We have also opened an Internet center for our IDE members in the Maccabi building. This is a major way of selling diamonds now. The old days of the Mom and Pop store are melting away and we need to enable our companies to trade using more modern means. We are able to connect firms with James Allen for the sale of their polished goods, as well as our Get Diamonds initiative.

And what are the plans for this year? What new developments can we expect to see at the IDE?

This year has already started in an excellent fashion. In January, we inaugurated the new Laser Cutting Room was inaugurated in the Shimshon Building entrance. It is a private initiative of some Israeli diamantaires, but the bourse supported it and pushed it forward. This Synova laser machine can cut stones at a very high level with virtually no damage. This is the kind of exchange we want to see: more technological and energetic. Soon we expect to receive the permit for the adjacent Synova laser factory covering 400 sq m area.

The big advantage is that it is within the IDE compound. That means that diamantaires enjoy greater convenience and security. They don't need to leave the complex with the goods on them or pay shipping and insurance.

We also opened our new International Tenders Center during the International Diamond Week in Israel in February. We held four tenders of goods during the week. Our aim is to create a lot of activity by attracting as much rough as possible. ALROSA President Andrei Zharkov told us that his company is committed to bringing large amounts of rough to Israel that are suited to the needs of our members. We are delighted that this is going to happen; it shows the strength and importance of the Israeli market.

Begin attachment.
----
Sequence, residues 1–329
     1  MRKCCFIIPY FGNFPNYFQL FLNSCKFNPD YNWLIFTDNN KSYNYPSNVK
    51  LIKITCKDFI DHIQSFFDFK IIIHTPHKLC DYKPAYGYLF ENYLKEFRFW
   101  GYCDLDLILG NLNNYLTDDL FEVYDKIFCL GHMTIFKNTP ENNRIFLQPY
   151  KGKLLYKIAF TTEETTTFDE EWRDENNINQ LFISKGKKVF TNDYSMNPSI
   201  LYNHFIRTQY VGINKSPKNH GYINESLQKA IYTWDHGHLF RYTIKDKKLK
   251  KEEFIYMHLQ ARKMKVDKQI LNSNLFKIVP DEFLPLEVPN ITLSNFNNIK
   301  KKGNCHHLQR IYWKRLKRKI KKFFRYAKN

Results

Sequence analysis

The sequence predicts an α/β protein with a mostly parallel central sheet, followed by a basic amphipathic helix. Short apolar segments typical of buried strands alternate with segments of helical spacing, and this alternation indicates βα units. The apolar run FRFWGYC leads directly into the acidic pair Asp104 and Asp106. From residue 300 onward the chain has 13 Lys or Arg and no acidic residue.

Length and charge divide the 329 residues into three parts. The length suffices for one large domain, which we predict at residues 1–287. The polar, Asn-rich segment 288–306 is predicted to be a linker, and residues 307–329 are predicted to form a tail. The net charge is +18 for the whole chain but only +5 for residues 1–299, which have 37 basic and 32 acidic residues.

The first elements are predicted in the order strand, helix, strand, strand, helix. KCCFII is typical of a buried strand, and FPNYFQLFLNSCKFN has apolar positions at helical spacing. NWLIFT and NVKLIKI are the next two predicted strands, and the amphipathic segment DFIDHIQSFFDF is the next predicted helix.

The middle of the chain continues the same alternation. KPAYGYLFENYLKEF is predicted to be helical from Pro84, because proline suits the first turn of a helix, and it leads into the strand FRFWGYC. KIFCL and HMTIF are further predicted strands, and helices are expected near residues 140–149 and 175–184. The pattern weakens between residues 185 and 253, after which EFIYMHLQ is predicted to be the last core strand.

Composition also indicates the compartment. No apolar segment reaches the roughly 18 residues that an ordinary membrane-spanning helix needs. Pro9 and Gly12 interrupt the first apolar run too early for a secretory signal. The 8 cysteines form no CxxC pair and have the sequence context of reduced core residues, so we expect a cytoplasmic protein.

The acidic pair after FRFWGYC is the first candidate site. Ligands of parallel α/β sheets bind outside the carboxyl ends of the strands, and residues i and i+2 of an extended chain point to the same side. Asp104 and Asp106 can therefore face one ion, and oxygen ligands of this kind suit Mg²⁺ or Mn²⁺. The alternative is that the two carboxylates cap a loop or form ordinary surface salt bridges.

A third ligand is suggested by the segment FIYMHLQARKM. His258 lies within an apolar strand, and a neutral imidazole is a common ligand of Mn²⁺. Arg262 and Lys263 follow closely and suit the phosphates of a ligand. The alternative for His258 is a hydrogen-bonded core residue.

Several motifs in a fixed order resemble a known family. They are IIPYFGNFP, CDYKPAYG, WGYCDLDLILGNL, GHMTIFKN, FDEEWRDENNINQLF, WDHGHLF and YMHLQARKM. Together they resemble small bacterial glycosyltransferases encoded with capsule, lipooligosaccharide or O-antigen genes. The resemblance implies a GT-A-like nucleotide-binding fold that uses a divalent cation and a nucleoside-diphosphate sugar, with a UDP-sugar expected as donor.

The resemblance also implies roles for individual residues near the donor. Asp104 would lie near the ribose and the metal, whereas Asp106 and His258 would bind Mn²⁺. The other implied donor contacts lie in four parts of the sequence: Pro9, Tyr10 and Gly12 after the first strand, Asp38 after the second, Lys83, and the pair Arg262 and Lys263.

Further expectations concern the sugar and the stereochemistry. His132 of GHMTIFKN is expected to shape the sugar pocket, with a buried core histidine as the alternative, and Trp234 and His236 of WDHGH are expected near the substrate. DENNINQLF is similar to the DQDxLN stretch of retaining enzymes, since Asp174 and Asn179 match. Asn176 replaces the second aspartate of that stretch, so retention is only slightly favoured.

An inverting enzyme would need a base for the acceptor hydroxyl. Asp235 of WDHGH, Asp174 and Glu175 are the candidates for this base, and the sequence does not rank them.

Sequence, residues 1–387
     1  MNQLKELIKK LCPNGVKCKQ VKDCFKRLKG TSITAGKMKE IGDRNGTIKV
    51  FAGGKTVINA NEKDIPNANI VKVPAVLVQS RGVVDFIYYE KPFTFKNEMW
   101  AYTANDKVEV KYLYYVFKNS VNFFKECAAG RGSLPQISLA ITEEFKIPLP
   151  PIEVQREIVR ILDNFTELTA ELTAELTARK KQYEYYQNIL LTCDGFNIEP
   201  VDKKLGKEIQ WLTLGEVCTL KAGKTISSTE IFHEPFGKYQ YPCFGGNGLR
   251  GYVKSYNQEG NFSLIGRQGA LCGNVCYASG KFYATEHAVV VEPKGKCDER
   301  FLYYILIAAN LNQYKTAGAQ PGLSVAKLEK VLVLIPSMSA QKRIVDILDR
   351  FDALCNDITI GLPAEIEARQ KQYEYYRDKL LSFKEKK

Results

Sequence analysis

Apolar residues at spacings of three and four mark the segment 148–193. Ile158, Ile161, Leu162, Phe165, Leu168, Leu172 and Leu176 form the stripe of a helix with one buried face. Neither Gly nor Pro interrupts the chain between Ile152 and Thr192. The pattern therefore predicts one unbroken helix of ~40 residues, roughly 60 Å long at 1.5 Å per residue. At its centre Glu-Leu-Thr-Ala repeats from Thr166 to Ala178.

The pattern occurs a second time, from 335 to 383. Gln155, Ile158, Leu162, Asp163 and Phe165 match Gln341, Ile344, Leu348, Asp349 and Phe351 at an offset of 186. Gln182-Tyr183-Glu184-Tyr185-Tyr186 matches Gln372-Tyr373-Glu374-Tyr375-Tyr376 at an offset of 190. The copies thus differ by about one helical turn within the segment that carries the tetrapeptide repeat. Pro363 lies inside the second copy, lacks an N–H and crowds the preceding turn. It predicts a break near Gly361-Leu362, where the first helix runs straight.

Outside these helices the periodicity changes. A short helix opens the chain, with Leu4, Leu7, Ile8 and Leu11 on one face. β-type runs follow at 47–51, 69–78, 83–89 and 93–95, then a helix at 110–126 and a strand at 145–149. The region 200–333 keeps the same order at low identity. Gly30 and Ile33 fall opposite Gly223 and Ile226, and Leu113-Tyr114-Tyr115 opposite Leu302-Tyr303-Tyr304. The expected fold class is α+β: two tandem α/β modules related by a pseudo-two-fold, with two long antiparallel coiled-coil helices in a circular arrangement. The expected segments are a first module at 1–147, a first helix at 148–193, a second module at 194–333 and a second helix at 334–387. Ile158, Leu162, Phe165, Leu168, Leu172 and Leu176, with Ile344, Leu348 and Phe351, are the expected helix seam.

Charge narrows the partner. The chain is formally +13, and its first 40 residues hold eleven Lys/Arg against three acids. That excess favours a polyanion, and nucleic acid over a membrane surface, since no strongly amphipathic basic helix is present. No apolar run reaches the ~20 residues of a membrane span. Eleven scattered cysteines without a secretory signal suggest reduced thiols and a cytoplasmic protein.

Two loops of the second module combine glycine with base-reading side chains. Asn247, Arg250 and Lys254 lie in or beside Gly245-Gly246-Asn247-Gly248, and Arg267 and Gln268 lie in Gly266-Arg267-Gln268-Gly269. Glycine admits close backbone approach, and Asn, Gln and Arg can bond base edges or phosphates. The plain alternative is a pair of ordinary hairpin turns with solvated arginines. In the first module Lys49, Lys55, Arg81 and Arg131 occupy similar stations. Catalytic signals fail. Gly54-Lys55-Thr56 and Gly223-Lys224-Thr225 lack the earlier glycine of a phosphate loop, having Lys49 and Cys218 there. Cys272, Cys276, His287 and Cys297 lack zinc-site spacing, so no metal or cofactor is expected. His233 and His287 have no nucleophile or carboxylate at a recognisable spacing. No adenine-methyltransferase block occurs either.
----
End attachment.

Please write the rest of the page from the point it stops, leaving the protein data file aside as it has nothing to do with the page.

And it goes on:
There have been reports of re-organization and other changes at the diamond exchange. Can you give us details about what changes have been carried out and how they help the IDE?

We have been looking to check every possible way of making the exchange's operations more efficient and where we can save money for our members. We have carried out changes which allow us to reduce the number of hours our security people work. This saves a lot of money for IDE tenants. We have cut worker numbers and reduced the salary bill. This has allowed us to pass on savings to IDE members by reducing their rent payments. Our aim is to help members and we will be continuing with this during 2017.

It seems that there have been many new initiatives since you became IDE President in October 2015. We used to hear that the industry's organizations found it difficult to work together, what has allowed these ventures to come about?

We have management that is excellent and open to new ideas. The Managing Director of the IDE is also the Israel Diamond Institute MD. In addition, the Israel Diamond Manufacturers Association President Kobi Korn works together with the IDE and IDI. This allows the three bodies to work together in solidarity, and could not happen without the cooperation of IDI Chairman Shmuel Schnitzer and Kobi Korn with the IDE.

What is the situation regarding credit for the Israeli diamond industry?

It's no secret that we have had problems in recent years. This was not helped by the Bank of Israel's Banking Supervisor saying that the diamond sector was dangerous. This naturally made the banks concerned.

But the new tax agreement provides us with a firm base going forward. We know that the Banking Supervisor and the Bank of Israel Governor are happy with it, and that will make it easier for us regarding the banks since the situation is now much more transparent.